The sound of wheels echoed on the turf and before the door, then I heard on the terrace steady steps, well-known to me, then all was quiet. But it was no longer the old feeling which stirred in me at these familiar footsteps. They came up behind me when I had finished the sonata, and a hand was laid upon my shoulder.

“A happy thought, to play the old sonata!” he said.

I made no answer.

“Have not you had tea?”

I shook my head, without turning towards him, for I did not want him to see the traces of agitation on my face.

“They will be here presently; the horses were a little unruly, and they are coming home on foot, by the road,” he continued.

“We will wait for them,” I said, going out on the terrace, in the hope that he would follow, but he inquired for the children, and went up to see them. Once more, his presence, the sound of his voice, so kind, so honest, dissuaded me from believing that all was lost for me. “What more is there to desire?” I thought: “he is good and true, he is an excellent husband, an excellent father, and I do not myself know what is missing,—what I want.”

I went out on the balcony, and sat down under the awning of the terrace, on the same bench where I was sitting upon the day of our decisive explanation long ago. The sun was nearly down, dusk was gathering; a shade of spring softened the pure sky, where one tiny spark was already gleaming. The light wind had died away, not a leaf or blade of grass stirred; the perfume of the lilacs and cherry-trees, so powerful that one might have thought all the air itself was in bloom, came in puffs over garden and terrace, now faint and now full, making one feel an impulse to close the eyes, to shut out all sight and sound, to banish every sensation save that of inhaling this exquisite fragrance. The dahlias and rose-bushes, yet leafless, stood in still lines in the newly-dug black mold of their beds, lifting their heads above their white props. From afar came the intermittent notes of the nightingales, or the rush of their restless flight from place to place.

It was in vain that I strove to calm myself, I seemed to be waiting and wishing for something.

Sergius came from up-stairs, and sat down beside me.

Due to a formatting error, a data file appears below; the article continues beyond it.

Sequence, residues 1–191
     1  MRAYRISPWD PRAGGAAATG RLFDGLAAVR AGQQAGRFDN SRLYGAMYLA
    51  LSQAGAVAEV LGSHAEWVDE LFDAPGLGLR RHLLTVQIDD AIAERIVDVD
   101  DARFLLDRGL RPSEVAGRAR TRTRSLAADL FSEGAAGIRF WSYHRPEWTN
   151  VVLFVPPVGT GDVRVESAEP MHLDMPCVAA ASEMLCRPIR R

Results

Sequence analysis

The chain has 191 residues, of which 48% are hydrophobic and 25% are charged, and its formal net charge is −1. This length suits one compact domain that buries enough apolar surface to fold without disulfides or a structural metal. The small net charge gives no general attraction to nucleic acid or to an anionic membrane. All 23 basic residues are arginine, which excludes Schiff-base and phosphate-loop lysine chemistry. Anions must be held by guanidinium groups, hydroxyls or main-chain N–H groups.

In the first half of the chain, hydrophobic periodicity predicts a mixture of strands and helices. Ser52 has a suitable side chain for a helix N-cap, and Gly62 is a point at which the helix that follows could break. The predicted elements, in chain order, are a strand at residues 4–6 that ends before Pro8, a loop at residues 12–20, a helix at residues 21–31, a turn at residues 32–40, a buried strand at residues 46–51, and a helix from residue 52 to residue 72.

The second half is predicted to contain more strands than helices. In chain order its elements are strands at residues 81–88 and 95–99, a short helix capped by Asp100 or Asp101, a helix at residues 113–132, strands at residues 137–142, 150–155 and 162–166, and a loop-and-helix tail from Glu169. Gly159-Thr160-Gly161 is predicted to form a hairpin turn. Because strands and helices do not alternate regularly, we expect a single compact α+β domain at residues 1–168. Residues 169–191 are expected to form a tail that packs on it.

“I believe it is going to rain,” he said, “they will get wet.”

“Yes,” I replied; and we were both silent.

In the meantime, the cloud, without any wind, had crept slowly and stealthily above our heads; nature was yet more perfectly tranquil, sweet, and still: suddenly one drop fell, and, so to speak, rebounded, upon the linen of the awning, another rolled, a growing ball of dust, along the path; then, with a sound like deadened hail, came the heavy dash of rain, gathering force every moment. At once, as if by concert, frogs and nightingales were silent; but the light plash of the fountain was still heard beneath the beating of the rain, and far off in the distance some little bird, no doubt safe and dry under a sheltering bough, chirped in monotonous rhythm his two recurring notes. Sergius rose to go into the house.

“Where are you going?” said I, stopping him. “It is so delightful here!”

“I must send an umbrella and some overshoes.”

“It is not necessary, this will be over directly.”

He assented, and we remained standing together by the balustrade of the balcony. I put my hand on the wet slippery rail, and leaned forward into the rain, the cool drops falling lightly on my hair and neck. The cloud, brightening and thinning, scattered in shining spray above us, the regular beat of the shower was succeeded by the sound of heavy drops falling more and more rarely from the sky or from the trees. The frogs resumed their croaking, the nightingales shook their wings and began again to respond to each other from behind the glistening shrubs, now on one side, now on another. All was serene again before us.

“How good it is to live!” he said, leaning over the balustrade and passing his hand over my wet hair.

This simple caress acted on me like a reproach, and I longed to let my tears flow.